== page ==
Rig Trends: Eastern Canada Rig Market Changing

Rig Trends: Eastern Canada Rig Market Changing
With operations moving into deeper waters and more harsh environments, the list of suitable rigs for Eastern Canada is shrinking.

Since the oil price collapse that began in 2014, the offshore drilling market has taken a big hit, both in terms of utilization and dayrates. In the past six months, several rig contracts have been terminated early and day rates renegotiated downward. Too many new orders by rig owners and speculators has resulted in an oversupply and to offset that contractors have begun retiring or cold stacking large numbers of rigs, including some higher-spec units. In many cases, delivery dates of several uncommitted rigs have been delayed, in most cases by six months or longer. While the rig market for Eastern Canada, defined for this article as the area off the coasts of Newfoundland and Labrador, has remained somewhat insulated, it is not completely immune from going through the peaks and valleys that occur in a cyclical market. If market conditions were to deteriorate any further, it would not be a complete surprise to see a contract modification and/or rate adjustment.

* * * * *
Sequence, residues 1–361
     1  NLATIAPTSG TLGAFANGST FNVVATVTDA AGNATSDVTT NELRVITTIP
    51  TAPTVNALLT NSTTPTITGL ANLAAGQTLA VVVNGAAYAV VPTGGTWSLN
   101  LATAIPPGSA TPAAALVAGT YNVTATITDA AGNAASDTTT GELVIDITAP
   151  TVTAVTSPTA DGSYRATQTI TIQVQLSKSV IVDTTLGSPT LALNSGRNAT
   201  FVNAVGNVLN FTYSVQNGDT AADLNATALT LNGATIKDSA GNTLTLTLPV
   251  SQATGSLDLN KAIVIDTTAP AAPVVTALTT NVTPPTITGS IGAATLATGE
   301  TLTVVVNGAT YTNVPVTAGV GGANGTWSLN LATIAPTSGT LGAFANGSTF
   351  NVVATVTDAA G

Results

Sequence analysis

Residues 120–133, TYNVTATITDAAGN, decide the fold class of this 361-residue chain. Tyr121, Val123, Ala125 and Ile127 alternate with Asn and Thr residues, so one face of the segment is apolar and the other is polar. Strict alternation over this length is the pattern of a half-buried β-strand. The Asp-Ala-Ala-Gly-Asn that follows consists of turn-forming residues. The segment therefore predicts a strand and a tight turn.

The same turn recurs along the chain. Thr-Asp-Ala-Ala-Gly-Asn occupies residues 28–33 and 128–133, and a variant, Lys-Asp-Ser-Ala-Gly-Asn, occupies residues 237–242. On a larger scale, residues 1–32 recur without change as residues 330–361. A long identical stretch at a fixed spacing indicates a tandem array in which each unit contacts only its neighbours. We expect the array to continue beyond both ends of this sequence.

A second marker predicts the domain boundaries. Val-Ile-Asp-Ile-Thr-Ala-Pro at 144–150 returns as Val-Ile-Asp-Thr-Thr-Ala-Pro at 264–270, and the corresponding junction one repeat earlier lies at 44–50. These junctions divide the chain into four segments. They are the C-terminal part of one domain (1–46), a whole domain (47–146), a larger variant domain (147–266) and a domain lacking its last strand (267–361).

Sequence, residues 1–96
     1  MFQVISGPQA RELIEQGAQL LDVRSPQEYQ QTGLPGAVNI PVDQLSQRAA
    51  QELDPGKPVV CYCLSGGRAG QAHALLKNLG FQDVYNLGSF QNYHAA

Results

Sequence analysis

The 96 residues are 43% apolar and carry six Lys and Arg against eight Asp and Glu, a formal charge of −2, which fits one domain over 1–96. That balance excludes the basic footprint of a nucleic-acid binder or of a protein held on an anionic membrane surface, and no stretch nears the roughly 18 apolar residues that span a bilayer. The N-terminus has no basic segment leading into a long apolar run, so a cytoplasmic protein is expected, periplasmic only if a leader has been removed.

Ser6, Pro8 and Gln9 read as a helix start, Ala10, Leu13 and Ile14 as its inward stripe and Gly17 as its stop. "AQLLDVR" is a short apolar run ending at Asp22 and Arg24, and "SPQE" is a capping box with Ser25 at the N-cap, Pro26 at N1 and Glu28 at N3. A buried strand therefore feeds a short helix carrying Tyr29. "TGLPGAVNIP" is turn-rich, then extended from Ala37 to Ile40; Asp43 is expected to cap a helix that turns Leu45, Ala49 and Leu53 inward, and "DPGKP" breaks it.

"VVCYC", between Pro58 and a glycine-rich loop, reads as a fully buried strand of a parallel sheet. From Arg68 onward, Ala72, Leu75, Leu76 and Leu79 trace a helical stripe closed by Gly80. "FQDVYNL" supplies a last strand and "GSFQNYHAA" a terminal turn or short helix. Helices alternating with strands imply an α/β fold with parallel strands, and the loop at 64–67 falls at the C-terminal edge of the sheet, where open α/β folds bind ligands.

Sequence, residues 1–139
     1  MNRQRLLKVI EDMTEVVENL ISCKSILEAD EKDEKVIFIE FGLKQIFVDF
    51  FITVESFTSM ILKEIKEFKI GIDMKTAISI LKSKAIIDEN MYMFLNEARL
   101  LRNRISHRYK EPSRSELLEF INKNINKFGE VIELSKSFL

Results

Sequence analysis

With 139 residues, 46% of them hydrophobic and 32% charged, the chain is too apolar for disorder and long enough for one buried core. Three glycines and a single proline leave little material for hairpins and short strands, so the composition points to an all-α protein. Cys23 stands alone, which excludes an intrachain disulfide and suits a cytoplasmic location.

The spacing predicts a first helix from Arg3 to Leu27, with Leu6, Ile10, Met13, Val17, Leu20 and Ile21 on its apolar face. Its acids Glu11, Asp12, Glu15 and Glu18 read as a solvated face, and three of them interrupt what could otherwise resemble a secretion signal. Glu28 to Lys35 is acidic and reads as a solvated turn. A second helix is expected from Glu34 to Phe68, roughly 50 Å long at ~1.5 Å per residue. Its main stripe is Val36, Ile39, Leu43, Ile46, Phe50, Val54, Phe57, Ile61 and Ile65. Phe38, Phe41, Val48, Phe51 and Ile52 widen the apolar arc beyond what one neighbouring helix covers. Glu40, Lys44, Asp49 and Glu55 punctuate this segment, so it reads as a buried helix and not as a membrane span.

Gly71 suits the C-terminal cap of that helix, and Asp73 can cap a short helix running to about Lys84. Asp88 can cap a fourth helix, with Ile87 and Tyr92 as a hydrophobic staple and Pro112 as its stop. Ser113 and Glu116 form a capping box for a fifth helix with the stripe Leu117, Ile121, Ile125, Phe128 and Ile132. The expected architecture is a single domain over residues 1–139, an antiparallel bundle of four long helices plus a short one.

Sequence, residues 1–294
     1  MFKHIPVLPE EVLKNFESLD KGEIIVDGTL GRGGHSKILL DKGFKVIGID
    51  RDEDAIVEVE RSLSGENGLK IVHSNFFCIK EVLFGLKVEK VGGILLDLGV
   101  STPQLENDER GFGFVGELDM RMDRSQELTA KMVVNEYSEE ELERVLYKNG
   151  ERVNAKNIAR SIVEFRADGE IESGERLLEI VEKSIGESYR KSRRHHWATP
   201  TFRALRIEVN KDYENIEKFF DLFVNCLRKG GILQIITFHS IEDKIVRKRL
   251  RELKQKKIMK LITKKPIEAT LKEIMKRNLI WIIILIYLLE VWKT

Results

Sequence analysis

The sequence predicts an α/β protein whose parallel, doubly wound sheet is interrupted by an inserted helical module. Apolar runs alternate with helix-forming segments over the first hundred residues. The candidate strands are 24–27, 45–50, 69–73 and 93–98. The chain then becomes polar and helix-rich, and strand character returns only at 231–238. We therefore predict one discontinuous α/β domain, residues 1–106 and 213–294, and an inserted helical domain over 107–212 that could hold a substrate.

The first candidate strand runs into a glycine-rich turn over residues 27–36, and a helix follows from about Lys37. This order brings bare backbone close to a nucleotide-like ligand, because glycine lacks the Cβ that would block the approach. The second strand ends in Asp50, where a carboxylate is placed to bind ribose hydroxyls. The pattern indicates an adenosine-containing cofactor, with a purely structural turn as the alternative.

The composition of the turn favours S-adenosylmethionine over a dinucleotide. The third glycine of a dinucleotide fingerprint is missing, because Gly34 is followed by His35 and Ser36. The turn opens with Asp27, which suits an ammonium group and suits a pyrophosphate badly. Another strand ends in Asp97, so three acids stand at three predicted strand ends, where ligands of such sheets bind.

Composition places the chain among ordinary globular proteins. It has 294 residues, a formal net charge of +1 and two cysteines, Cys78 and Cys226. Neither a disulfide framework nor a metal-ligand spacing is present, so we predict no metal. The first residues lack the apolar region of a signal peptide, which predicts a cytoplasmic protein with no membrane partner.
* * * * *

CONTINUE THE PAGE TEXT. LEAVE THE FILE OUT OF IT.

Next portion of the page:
Source: CNOLPB
Source: CNOLPB

As drilling off the coast of Eastern Canada has moved into deeper waters and harsher weather conditions, the type of rig needed in the area has also evolved. Currently, there are three semisubmersibles working in the area, two of which are 6th generation, harsh environment rigs that can drill in waters up to 10,000 feet. The third is a 1984 vintage unit rated to drill in up to 1,500 feet of water. This older unit is expected to mobilize out of the area later this year when it completes its current contract with Husky Oil. Subsequently, Husky will pick up a 6th generation newbuild early next year for a 5-year term.